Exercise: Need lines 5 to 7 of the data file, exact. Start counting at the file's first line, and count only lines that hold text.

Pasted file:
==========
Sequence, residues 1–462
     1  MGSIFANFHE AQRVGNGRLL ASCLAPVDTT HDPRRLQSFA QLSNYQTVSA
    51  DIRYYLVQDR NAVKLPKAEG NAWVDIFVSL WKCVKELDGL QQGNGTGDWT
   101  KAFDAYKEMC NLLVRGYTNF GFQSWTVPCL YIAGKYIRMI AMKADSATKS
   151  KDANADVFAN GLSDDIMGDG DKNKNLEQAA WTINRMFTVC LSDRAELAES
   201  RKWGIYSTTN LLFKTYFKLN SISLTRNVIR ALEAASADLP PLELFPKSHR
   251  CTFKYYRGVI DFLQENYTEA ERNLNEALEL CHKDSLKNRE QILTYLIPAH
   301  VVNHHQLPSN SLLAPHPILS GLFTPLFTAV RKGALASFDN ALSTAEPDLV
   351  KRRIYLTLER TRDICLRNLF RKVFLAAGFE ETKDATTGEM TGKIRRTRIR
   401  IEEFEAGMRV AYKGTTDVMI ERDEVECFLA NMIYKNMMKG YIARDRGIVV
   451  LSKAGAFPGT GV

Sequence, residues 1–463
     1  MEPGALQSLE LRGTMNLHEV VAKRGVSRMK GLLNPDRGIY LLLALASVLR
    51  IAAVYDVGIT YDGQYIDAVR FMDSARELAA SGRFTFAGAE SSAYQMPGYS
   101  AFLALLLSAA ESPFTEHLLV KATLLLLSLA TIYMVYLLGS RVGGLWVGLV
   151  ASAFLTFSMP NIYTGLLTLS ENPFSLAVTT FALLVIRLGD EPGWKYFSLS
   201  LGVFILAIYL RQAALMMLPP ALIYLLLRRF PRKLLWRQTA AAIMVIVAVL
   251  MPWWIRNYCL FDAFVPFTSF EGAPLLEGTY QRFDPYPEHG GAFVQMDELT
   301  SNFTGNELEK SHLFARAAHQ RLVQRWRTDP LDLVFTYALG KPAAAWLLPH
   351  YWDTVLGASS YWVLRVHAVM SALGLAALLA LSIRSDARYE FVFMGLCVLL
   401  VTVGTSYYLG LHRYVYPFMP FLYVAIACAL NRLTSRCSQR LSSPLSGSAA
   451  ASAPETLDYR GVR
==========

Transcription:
   151  KDANADVFAN GLSDDIMGDG DKNKNLEQAA WTINRMFTVC LSDRAELAES
   201  RKWGIYSTTN LLFKTYFKLN SISLTRNVIR ALEAASADLP PLELFPKSHR
   251  CTFKYYRGVI DFLQENYTEA ERNLNEALEL CHKDSLKNRE QILTYLIPAH